I was given a hint by a Funeral Director. “It’s by obvious love,” he said. “There’s nothing like it for helping people through tragedy and suffering. When people realize you’re in their suffering with them, feeling their feelings, understanding the turmoil they’re going through, voicing their questions, their confusion and even their anger, and you take whatever time they need to talk – it’s like a light goes on in their minds that someone understands and cares, and that’s what gets them through. I’ve seen it time and time again. It’s remarkable.”

Well, isn’t that exactly what God does with us, I thought? He voices our questions, confusion and anger too, in the Psalms and Job. He also understands our suffering and turmoil, having lived as one of us – and he listens and doesn’t interrupt when we need to talk, as well. All the practical help we need as humans to keep us going in a rough world, he provides.

Why? Because when love is obvious, that’s what gets us through. We are “rooted and established in love,” Paul writes in Ephesians 3:17. What grounds us through all the knocks and tragedies of life is love, that deep sense of knowing we’re understood, loved and cared for. So God makes sure we know we’re loved by giving us a constant shot of his love “through his Spirit in our inner being,” verse 16, so that we “grasp how wide and long and high and deep is the love of Christ,” verse 18. We’ll know we’re loved, because the Spirit makes it obvious.

I wondered what the effect of this would be on children. They live in a rough world. School isn’t the most pleasant place nowadays, with its constant hassles and bullying. Life at home can be stressful too, and a child under pressure and high expectations can quickly become depressed, uncooperative and insolent.

But when love is obvious, what happens then? What happens to a child’s attitude and personality when it’s made obvious that he, or she, is loved? What happens when a child is rooted and established in love and not in expectations? What happens when a child is loved like God loves us? Could the change in that child be just as remarkable too?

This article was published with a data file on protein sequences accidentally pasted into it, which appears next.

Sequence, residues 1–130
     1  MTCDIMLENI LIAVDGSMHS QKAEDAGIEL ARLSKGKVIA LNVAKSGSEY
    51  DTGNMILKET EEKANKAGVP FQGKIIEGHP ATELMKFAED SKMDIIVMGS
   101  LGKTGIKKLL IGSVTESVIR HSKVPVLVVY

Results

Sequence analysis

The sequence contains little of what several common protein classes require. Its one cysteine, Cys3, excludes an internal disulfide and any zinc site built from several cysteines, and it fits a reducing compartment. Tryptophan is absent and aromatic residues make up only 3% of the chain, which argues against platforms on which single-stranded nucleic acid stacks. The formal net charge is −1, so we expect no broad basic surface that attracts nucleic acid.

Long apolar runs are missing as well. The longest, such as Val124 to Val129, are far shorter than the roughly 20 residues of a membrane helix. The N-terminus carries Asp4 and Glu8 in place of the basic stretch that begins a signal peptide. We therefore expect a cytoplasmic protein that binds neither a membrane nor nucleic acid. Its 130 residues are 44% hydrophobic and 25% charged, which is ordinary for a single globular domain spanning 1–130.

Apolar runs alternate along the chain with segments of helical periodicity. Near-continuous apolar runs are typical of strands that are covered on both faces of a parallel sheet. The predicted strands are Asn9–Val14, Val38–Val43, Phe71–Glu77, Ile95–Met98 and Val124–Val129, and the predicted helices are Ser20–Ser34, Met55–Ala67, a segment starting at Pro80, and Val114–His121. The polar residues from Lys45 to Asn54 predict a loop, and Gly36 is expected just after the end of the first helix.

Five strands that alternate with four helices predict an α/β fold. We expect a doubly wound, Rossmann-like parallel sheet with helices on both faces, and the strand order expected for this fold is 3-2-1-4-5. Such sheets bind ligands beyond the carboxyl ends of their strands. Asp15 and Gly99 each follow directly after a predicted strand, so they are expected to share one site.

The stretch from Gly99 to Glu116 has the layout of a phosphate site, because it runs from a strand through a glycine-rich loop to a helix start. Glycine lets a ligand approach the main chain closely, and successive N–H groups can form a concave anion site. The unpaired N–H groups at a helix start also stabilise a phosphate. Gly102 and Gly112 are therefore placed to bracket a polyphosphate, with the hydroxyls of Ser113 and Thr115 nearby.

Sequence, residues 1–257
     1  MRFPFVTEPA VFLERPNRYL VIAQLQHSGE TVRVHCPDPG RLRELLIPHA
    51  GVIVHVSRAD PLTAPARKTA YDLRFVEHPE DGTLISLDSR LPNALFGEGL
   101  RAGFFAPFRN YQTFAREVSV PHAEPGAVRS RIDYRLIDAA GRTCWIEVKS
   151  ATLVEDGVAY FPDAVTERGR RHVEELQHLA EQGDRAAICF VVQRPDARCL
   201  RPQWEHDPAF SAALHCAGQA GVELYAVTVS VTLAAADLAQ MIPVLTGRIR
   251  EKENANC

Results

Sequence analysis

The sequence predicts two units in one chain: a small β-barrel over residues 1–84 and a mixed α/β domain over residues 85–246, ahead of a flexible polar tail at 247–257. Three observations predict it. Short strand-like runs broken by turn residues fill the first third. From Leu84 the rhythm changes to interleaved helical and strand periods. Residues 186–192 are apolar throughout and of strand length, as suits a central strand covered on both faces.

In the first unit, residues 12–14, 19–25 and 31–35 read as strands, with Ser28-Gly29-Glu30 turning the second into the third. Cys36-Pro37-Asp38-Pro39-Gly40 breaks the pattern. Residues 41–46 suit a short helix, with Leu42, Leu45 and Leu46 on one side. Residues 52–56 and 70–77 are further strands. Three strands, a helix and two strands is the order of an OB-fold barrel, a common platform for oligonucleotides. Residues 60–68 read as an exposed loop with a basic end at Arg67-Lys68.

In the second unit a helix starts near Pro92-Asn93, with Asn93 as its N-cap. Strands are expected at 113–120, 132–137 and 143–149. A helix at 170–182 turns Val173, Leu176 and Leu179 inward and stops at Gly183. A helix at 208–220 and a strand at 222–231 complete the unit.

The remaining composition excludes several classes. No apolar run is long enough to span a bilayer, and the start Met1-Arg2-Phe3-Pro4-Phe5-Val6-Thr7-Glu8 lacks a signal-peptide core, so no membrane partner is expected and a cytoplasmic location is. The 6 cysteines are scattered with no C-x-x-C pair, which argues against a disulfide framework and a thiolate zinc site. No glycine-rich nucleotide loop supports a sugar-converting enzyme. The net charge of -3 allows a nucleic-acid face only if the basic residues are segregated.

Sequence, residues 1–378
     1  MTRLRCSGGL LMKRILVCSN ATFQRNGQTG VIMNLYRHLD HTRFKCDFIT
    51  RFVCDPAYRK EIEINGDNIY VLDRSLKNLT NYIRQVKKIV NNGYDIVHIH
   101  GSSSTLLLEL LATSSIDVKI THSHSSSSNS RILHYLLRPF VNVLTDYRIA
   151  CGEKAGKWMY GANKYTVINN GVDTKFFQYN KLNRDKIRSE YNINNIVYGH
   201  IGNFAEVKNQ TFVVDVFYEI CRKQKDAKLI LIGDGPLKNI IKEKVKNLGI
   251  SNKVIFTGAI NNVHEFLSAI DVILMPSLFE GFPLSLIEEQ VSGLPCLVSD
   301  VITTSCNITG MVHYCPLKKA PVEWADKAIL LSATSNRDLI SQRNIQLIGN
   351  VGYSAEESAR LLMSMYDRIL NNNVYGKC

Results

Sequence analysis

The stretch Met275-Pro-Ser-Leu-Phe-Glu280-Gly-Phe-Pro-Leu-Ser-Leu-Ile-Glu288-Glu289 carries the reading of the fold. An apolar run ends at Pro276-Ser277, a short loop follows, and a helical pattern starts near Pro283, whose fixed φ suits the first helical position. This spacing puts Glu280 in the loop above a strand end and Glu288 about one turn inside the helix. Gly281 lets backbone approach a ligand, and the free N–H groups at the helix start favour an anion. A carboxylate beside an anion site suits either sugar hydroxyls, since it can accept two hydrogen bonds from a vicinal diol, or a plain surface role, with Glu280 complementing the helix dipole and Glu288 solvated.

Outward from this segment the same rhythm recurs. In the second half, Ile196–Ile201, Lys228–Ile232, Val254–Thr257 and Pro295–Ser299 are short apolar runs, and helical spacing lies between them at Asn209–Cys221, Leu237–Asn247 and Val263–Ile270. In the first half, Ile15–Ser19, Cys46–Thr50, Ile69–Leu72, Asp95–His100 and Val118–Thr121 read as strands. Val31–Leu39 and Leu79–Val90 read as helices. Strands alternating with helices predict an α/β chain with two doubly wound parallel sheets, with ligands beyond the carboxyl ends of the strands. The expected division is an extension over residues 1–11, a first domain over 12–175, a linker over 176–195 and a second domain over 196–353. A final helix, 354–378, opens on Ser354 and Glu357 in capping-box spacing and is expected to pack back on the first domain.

“Is this all I can hope for in my marriage?”

I wonder how many marriages are “hanging in there” but there’s not much meeting of minds. In other words, there’s union but not much communion.

Husband and wife are wholeheartedly dedicated to keeping their union intact, but they have trouble sharing their innermost thoughts or being sensitive to each other’s needs. They’re almost on different wavelengths, where they never quite tune in to the other’s personality, humour and ideas about things. They aren’t upset by the same things either, so they have trouble expressing their real feelings for fear of making things worse.

So they both muddle through a relationship that’s wonderfully enduring but not tremendously satisfying. There’s a deep hunger for communion, but neither partner knows how to make it happen. They courageously avoid daydreaming about what they might have had instead, but on occasion they can’t help wondering if there could be more to their marriage than what they’ve got. And as they look into the future, perhaps the thought flits through their minds, “Is this all I can hope for in my marriage?”

That thought has crossed my mind – on behalf of my wife as well – because is what I provide for her all she can hope for in her marriage too? And that makes me feel woefully inadequate at times, because I know I can’t provide the communion I’m sure she longs for, and it hurts me that she’s had to settle for less. So I wondered if there was any help in Scripture and that’s when Colossians 1:8 came to mind, and the time when Paul expressed his delight to the Colossians on hearing “of your love in the Spirit.”